When Matt Davies opened Retail Week Live last month, the boss of Tesco UK claimed the grocer was “on the cusp of something special”.

Next week will provide clues on how right he is as Tesco unveils its full-year figures.

The past few years have been torrid for the UK’s largest retailer. Its reign of seemingly never-ending sales and profit growth is over, and the grocer has been in fightback mode ever since as it struggles against price deflation and the growth of Aldi and Lidl.

Yet under the new leadership of Davies and his boss Dave Lewis, it looks like Tesco is beginning to get its mojo back.

The first real evidence of this was felt over Christmas, when Tesco surprised the city with a better than expected UK like-for-like increase of 1.3%, putting it ahead of its big four rivals thanks to a focus on price, quality and availability.

Obviously the damage done to margins in the second half as Tesco chased sales won’t be known until next week, but the grocer is on an improving sales trend, corroborated by today’s Kantar figures, which showed a further improvement in revenue decline to just -0.2% in the 12 weeks to March 27.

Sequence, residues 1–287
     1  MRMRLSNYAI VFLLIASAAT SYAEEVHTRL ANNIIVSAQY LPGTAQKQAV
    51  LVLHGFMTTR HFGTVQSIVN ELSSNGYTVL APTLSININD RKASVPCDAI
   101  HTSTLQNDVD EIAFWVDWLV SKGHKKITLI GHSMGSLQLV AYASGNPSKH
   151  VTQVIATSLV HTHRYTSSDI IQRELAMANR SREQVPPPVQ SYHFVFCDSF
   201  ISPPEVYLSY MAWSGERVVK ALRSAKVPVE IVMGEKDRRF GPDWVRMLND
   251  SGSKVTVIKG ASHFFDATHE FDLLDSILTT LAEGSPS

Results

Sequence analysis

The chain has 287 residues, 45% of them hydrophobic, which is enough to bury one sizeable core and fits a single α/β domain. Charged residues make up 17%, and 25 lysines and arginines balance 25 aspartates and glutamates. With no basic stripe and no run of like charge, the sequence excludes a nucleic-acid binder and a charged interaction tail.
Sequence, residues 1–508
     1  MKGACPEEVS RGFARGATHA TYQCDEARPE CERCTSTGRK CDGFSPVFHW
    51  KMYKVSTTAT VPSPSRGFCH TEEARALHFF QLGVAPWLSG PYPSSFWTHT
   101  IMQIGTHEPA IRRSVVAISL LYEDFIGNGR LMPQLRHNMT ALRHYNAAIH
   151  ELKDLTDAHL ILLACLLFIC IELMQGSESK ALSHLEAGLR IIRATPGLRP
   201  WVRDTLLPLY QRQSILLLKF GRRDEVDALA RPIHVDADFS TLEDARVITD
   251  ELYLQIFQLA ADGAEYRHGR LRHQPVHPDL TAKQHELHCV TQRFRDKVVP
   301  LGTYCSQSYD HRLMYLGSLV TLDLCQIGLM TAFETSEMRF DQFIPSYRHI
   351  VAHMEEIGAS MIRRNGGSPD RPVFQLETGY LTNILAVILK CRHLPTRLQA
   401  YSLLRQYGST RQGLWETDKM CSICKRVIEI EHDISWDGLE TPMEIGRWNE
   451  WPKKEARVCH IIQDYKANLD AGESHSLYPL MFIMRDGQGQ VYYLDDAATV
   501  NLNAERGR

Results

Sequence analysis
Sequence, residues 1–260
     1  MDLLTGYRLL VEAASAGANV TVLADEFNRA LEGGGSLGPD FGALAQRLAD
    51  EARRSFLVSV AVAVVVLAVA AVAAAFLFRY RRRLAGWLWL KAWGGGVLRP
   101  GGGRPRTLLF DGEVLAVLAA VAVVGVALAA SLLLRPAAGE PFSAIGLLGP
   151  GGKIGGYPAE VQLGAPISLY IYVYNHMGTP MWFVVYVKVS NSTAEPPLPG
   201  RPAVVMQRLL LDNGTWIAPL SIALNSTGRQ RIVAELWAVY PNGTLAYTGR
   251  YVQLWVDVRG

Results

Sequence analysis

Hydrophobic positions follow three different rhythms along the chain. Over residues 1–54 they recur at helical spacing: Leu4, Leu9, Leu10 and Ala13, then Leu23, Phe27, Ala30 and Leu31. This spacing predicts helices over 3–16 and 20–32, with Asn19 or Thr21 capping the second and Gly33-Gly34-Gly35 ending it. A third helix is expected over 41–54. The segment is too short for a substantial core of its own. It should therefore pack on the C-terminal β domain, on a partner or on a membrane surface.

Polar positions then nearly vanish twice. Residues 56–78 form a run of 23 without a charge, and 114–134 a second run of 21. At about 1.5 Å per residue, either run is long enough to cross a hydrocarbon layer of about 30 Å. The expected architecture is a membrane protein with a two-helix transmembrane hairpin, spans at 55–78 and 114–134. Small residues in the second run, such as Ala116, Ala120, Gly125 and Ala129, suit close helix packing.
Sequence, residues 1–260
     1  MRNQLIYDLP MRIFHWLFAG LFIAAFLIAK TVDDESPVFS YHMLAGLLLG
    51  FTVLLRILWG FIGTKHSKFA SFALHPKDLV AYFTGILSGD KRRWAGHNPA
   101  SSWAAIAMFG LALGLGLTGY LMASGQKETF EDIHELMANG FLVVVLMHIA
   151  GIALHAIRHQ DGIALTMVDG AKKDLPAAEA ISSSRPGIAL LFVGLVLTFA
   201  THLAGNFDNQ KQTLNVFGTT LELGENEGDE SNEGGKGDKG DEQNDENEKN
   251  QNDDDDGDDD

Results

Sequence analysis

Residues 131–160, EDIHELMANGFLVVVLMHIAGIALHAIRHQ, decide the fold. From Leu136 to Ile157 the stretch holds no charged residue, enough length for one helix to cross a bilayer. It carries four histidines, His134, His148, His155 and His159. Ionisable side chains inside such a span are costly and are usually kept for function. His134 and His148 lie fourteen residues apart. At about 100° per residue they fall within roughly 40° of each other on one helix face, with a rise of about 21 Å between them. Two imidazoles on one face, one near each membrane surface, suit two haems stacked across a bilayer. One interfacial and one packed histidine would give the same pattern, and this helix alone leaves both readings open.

Tesco is not resting on its laurels and is chasing further sales gains through its new ‘Farms’ value own-brand lines, which pits it squarely against the discounters, and its value big four rivals Asda and Morrisons too.

“Tesco is not resting on its laurels and is chasing further sales gains through its new ‘Farms’ value own-brand lines”

Nicola Harrison

This focus on grocery retail, rather than distracting non-food lines or even its Giraffe restaurant chain, which Tesco is said to be considering offloading, is the right thing to do in the face of such strong headwinds in the market.

Yet Tesco is not the only grocer to be enjoying a return to form.

With a similar focus on the basics, and itself under new leadership, Morrisons has also delivered top-line improvement. And Sainsbury’s, which has led the way in terms of market share growth in the past year, is about to close a transformative acquisition of Argos which aims to bring it new firepower in terms of multichannel, distribution and non-food product prowess.

Davies might well be right to say that Tesco is on the cusp of something special. His problem is that the same could be said for his rivals.